STEVE INSKEEP, HOST:
On Friday, we hear from StoryCorps, and with Veterans Day approaching, we'll hear from someone who fought in Vietnam - Barry Romo. He and his nephew, Robert, served in the Army during Vietnam, and only one made it home.
BARRY ROMO: Bobby was one month younger than me, and we were raised like brothers. I enlisted in the Army to go to Vietnam. That was my intention. And he didn't want to go in the military, but he got drafted anyway. They sent him to Vietnam and he ended up being in my brigade. I became a lieutenant, and he begged me to help him get out of the field. But I couldn't help him. And my nephew got me out of Vietnam. One day, I got back from a patrol. They told me, your nephew, Robert, has been killed. He was running to save a friend of his who had been wounded in battle and he was shot in the throat. Enemy fire was too intense so they couldn't retrieve the body, and he was in the sun for 48 hours. A staff sergeant said, why don't we seal the body permanently? That way, your family, they'd remember him as he looked like when he graduated from high school.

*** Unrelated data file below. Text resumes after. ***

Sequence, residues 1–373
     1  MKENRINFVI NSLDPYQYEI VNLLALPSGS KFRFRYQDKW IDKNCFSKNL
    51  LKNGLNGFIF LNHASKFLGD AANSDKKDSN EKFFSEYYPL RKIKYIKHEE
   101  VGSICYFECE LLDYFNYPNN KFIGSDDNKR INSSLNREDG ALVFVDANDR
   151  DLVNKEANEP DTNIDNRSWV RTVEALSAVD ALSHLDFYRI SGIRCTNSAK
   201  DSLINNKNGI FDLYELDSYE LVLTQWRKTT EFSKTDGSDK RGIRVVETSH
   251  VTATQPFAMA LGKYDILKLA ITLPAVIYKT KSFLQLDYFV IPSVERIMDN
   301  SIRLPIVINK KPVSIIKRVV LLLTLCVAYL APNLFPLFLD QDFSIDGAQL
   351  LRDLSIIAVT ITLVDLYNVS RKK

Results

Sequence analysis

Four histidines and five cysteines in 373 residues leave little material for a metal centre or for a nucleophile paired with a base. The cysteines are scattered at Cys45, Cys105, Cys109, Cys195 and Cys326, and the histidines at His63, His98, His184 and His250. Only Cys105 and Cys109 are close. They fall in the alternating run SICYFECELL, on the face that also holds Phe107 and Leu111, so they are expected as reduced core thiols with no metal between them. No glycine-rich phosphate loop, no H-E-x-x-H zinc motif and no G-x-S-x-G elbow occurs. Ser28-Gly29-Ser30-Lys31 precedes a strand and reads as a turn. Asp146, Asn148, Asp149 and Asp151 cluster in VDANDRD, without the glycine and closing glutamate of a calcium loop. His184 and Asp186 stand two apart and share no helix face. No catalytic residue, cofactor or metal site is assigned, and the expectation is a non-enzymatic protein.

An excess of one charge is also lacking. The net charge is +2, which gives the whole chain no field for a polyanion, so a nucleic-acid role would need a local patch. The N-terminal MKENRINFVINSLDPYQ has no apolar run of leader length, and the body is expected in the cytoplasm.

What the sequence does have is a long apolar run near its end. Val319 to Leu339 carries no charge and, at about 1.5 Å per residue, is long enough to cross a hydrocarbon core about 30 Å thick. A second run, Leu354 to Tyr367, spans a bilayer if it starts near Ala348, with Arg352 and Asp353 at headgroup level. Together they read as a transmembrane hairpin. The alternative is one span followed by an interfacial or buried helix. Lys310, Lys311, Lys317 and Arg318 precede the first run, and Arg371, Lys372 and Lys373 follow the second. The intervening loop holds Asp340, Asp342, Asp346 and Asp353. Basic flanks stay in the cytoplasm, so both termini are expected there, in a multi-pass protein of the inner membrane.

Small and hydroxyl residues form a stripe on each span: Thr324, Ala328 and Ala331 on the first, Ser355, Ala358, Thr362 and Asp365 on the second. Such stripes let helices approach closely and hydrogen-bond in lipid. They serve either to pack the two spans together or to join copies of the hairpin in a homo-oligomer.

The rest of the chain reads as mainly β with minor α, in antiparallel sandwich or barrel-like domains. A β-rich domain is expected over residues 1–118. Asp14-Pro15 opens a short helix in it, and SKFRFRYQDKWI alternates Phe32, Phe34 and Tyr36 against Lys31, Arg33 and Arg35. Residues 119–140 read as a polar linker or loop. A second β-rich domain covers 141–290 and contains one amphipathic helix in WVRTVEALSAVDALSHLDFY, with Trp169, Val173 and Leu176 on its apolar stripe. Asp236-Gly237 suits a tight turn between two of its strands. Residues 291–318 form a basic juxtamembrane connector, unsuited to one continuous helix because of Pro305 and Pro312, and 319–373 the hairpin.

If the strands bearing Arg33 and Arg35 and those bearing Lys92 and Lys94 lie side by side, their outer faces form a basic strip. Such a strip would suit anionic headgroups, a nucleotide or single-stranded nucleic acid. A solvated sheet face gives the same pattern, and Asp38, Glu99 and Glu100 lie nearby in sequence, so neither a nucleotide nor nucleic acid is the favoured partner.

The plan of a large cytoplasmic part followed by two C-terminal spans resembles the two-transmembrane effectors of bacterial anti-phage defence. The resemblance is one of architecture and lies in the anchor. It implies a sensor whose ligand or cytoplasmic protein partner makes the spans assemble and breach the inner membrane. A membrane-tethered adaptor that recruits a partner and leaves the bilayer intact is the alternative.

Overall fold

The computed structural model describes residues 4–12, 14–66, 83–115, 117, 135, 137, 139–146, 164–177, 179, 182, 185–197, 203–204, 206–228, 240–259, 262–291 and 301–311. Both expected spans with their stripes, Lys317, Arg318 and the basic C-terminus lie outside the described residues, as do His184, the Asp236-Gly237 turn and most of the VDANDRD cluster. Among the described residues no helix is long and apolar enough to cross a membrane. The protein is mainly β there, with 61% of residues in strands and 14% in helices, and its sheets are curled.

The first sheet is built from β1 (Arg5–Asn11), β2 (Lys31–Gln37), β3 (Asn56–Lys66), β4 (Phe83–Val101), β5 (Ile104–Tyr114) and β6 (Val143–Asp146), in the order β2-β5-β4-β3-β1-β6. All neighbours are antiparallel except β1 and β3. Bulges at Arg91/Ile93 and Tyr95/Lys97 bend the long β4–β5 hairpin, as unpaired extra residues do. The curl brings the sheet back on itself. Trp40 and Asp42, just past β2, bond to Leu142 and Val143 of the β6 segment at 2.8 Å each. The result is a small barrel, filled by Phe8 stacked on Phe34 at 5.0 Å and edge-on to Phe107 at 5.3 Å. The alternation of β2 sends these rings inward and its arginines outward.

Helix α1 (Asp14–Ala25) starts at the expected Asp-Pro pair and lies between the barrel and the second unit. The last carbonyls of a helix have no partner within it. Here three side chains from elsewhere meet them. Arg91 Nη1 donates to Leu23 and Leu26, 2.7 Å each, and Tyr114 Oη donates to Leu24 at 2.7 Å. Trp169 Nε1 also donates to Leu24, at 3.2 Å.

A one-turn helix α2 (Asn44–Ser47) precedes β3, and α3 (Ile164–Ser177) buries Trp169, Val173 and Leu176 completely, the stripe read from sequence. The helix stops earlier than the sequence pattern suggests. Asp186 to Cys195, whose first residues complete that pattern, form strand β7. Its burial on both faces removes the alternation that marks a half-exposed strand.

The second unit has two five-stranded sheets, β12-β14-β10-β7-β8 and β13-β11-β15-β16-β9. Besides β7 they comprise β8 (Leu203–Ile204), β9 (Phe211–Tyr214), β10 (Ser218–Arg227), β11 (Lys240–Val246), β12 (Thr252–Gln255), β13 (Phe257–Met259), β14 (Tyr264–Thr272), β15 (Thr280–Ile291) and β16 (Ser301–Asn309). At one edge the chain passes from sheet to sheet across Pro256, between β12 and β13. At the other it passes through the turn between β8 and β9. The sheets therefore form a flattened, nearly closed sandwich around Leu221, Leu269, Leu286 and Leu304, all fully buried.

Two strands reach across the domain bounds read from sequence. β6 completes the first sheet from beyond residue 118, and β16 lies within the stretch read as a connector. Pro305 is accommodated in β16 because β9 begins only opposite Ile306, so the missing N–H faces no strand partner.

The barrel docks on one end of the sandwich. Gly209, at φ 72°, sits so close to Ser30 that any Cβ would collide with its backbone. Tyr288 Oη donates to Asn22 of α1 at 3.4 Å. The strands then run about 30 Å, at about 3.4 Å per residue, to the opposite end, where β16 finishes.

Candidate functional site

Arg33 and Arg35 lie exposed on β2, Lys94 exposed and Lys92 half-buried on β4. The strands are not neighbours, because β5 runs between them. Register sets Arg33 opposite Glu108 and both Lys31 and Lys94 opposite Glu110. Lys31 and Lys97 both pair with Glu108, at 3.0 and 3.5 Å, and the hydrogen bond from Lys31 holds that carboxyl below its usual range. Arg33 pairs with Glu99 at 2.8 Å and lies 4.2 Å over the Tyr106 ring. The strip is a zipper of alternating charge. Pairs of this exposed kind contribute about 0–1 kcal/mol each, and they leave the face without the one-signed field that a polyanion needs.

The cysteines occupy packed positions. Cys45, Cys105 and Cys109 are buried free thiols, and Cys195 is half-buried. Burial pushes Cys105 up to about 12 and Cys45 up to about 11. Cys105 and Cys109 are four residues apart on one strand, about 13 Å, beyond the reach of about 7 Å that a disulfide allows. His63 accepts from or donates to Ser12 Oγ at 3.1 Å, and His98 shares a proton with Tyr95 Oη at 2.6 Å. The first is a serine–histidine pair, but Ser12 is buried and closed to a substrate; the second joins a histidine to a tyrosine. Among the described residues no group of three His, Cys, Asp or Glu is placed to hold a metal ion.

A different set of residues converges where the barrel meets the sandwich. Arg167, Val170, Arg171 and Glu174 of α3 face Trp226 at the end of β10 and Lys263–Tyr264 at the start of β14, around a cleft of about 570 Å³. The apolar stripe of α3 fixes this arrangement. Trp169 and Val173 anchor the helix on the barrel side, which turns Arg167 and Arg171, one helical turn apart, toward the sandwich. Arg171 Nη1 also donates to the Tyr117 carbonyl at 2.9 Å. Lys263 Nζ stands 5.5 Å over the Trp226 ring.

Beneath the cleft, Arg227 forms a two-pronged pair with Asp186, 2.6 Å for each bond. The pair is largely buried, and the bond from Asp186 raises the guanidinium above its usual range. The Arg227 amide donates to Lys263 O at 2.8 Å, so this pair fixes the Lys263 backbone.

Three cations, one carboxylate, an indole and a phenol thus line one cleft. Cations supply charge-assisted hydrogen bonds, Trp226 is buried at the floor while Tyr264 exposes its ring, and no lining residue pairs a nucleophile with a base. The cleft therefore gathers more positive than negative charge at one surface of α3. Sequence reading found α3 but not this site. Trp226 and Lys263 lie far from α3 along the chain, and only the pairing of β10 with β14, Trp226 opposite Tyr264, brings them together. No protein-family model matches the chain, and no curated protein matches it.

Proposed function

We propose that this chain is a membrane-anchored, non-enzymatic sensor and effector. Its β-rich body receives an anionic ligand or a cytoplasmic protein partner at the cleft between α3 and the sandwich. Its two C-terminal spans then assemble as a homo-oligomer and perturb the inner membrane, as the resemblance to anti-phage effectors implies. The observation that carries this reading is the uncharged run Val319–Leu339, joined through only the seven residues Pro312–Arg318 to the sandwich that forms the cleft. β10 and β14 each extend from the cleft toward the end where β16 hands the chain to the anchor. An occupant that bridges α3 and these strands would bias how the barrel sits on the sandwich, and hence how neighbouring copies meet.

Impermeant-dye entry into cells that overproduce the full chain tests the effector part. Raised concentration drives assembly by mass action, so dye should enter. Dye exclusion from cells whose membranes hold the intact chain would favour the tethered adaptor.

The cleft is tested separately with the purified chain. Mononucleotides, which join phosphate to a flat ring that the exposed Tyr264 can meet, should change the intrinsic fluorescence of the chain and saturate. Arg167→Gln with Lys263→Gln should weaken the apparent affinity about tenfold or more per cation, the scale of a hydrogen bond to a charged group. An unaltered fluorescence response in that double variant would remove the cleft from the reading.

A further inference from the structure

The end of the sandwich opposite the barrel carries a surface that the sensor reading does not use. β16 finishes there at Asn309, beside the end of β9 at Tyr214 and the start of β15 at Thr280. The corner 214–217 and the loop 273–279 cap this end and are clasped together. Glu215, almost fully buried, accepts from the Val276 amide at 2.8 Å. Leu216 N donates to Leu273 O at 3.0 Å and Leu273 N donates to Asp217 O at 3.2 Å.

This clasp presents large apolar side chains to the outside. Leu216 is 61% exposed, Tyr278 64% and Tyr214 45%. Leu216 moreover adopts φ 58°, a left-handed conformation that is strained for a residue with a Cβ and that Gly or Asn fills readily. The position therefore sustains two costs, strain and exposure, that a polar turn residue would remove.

I was then sent to escort the body home. I had white gloves on and the uniform with my medals, but I felt dirty. You know, I thought I was going to die in Vietnam, but I didn't have to go back there. I had my ticket punched by my nephew's blood, and I felt that I failed him. I failed my family. And I still feel guilty to this day.
INSKEEP: Barry Romo, recalling his nephew, Robert, killed in 1968. This conversation will be archived at the American Folklife Center at the Library of Congress. And now it's easier than ever to be part of history yourself. Record your story this Thanksgiving. You can find the details at npr.org. Search the Great Listen.
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